Monday, August 9, 2010
The Big Door Prize
You don't volunteer for charity work with the expectation of getting something fungible or material in return.
If you do, it's no longer charity, and you are no longer a volunteer, you are a poor businessperson or a disappointed office-seeker or a swindler or something else entirely.
At the same time, it is ungracious to refuse that which is spontaneously given in appreciation of your work.
Maybe just that enameled fifteen-year-service pin. A bottle of good wine. Souvenir t-shirt. Sixteen-year-old single malt. A sincere thank-you. A hug, if it's not the bad touch kind.
And that which just grows out of the work.
Adam Smith notwithstanding, not every human interaction is an exchange.
My training colleague and friend Douglas, rejecting my self-characterization as a relative non-geek, challenged me to produce one friend from the past ten years I had not first met online.
As it happened, I had several. I would, however, be harder-pressed to come up with many who did not in some way come my way in the context of volunteer work. A few clients-turned-friends, co-workers, and neighbors about covers it.
When my friends in NESR made the commitment to the Operation New Beginnings dogs in December 2008, we anticipated much of what was to come -- the time commitment, lost income, days and nights of worry, scraping for funds, even the still-ongoing harassment.
We did not plan for the way in which our lives would be enriched by the friendship of other volunteers, adopters, donors. This was a gift unlooked-for.
When we agreed to foster dogs whose needs were significantly greater than any "normal" foster animals, it was for the sake of the dogs.
Back in January of 2009, we anticipated a fast(er) resolution to the ONB dogs' fates. Everyone expected that Linda Kapsa would cut a plea agreement within a few months at the most. Everyone expected that, before that time came, other rescue organizations would step up and help with fostering, rehabbing, and placing dogs.
Neither of those things happened; eight months later it was NESR with full responsibility for all the dogs. Not until they were adopted -- until they were adopted and then forever after, if any dog needed a new home at some later time, or any owner needed help in order to keep a dog.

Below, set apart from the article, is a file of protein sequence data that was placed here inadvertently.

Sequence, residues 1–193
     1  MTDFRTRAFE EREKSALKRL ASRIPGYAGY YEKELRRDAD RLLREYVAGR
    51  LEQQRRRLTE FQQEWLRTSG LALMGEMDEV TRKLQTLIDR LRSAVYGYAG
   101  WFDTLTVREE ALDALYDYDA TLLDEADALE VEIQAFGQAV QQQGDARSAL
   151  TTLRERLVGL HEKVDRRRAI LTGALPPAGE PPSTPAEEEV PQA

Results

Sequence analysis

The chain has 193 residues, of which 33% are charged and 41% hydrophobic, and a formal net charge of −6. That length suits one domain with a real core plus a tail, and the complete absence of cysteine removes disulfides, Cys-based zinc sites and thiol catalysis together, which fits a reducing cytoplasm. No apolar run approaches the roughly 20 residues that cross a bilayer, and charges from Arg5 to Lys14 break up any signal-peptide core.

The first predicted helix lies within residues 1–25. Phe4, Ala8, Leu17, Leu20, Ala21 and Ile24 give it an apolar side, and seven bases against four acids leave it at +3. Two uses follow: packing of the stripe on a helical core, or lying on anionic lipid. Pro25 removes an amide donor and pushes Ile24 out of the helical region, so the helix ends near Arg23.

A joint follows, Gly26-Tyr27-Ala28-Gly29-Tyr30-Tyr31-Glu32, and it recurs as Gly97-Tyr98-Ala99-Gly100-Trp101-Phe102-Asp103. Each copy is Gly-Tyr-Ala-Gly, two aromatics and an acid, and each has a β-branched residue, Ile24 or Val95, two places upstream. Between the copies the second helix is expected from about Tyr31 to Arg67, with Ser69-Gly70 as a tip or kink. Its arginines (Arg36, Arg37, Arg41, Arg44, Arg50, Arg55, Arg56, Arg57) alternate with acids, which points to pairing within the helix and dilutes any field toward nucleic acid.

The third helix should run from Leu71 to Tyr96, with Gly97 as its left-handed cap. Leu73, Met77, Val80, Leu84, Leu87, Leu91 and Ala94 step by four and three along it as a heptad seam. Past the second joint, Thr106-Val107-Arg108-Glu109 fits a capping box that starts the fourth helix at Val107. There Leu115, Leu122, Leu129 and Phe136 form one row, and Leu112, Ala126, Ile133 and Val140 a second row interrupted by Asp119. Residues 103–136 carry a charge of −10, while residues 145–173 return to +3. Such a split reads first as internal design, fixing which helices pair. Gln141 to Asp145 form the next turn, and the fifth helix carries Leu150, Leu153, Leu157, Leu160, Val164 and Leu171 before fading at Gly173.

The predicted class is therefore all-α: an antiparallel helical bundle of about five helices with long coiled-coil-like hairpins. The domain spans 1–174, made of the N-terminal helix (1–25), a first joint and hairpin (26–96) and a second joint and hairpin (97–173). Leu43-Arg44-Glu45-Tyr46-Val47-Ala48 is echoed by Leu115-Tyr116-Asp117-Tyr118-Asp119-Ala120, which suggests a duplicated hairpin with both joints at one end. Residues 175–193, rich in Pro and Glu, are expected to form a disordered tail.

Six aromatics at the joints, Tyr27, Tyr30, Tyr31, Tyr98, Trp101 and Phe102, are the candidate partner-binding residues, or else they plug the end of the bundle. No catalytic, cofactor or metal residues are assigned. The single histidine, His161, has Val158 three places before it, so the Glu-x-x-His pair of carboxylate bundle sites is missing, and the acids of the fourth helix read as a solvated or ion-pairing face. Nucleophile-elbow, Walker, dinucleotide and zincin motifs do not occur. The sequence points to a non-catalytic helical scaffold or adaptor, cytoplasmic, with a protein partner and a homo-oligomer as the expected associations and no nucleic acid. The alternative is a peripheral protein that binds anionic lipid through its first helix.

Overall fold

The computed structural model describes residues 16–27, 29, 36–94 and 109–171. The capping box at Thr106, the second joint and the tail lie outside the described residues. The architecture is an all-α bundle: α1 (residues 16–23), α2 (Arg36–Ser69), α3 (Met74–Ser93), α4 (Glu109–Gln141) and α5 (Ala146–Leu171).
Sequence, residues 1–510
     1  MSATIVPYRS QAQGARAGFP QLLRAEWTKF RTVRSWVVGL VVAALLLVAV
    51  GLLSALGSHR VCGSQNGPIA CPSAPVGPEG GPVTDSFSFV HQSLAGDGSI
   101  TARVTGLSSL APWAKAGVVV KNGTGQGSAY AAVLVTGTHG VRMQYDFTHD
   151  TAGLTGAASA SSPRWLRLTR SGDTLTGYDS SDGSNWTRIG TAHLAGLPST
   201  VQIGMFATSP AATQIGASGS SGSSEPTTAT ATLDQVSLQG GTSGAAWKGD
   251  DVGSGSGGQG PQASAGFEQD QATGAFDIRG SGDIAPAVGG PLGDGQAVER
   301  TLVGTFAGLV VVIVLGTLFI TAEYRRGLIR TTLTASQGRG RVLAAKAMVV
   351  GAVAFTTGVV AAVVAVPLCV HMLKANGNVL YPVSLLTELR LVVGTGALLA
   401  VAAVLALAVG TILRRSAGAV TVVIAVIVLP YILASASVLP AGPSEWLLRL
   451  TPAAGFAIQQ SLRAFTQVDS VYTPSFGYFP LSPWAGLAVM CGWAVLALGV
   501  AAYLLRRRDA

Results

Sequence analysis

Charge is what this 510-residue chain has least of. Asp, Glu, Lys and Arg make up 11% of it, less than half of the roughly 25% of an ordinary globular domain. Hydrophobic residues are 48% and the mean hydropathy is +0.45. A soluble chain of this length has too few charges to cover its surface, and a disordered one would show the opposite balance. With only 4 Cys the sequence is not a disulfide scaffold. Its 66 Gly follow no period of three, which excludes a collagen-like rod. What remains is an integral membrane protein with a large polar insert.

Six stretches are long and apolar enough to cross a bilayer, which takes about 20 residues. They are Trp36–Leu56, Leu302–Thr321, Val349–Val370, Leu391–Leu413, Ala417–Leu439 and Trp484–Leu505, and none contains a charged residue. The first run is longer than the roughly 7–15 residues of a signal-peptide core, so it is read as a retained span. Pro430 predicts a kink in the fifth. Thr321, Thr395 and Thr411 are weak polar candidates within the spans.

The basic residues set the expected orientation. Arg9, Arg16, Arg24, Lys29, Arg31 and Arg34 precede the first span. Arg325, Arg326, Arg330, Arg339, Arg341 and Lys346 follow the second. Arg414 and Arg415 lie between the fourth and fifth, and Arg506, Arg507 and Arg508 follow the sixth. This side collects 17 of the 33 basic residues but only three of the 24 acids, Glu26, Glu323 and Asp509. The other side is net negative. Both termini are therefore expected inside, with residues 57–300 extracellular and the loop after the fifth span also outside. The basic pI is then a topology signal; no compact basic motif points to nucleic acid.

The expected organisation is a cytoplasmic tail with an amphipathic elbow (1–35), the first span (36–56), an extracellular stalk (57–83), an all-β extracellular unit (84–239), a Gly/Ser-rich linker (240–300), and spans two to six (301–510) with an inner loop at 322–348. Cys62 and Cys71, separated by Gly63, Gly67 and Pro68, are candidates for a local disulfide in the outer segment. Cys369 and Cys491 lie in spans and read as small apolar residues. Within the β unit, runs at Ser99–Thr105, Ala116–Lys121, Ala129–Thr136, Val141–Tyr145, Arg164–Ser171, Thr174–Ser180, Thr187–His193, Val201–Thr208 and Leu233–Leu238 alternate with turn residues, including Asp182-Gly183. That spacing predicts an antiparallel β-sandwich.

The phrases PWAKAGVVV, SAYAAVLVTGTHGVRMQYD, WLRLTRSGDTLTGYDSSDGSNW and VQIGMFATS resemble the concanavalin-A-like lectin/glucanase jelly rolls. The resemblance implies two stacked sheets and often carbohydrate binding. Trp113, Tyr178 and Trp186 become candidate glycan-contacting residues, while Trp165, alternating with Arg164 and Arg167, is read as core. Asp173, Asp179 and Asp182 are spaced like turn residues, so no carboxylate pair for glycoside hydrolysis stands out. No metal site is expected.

On my first trip to Billings, Susan, an ONB volunteer was asking about how adoptions might be handled, and I ventured that some would be handled locally by local groups, and NESR would take as many dogs as we could.
"So you will take the really promising ones and adopt them to people who want an English shepherd?"
I was taken aback, but had to remind myself that not everyone knows how rescue groups (should) work.
"No, we will most likely take the least adoptable, since we have the foster homes that can handle them. We're not as worried about the easy-to-adopt ones."
I think she was genuinely astonished.
As it happened, the most troubled ONB dogs were divided (for foster or adoption) between the most capable of the ONB volunteers and the most experienced NESR foster volunteers.
"Troubled" is relative. There were the dogs such as Harry and Barry White, who had been in the worst condition when seized and/or made the least progress in custody. Dogs who suffered such severe kennel stress that they were difficult to parse in our interviews. And any dogs who exhibited worrisome aggression that had not been resolved while they were in custody.
One of those came home with me.
Unlike his presumed brother Charlie, Cole was not aggressive towards people.
His pathological aggression towards other dogs started when he was about eight weeks old. I witnessed the three brothers from what we believed to be one litter try to kill one another, with commitment and enthusiasm, when they still had only baby teeth that were fortunately not up to the job. They were three of seven young pups whose mother(s) could not be identified at seizure, and they wasted no time establishing Lord of the Flies protocols amongst themselves.
Later, as a teenager, he'd latch onto another dog so hard that, picked up at the height of the fray, he'd bring his victim into the air with him. The mere sight of an empty food bowl could elicit a balls-to-the-walls attack.
Cole was in solitary for months. At the ONB reunion, one of his caretakers said something that I'd somehow not appreciated before now: Cole had lived alone in the dark for twenty-two hours a day.
It pained those who loved this cheery, cuddly, playful teenage pup to know that he was so troubled, and was not only unjustly confined like all of his relatives, but isolated for their protection and his.
Douglas and I saw something else, something besides his seek-and-destroy attitude towards other dogs and his snuggly nature with humans. We saw an inborn desire to partner up with a human for a goal, and the self-assurance to make it as a working dog.
So Cole came home with me in September.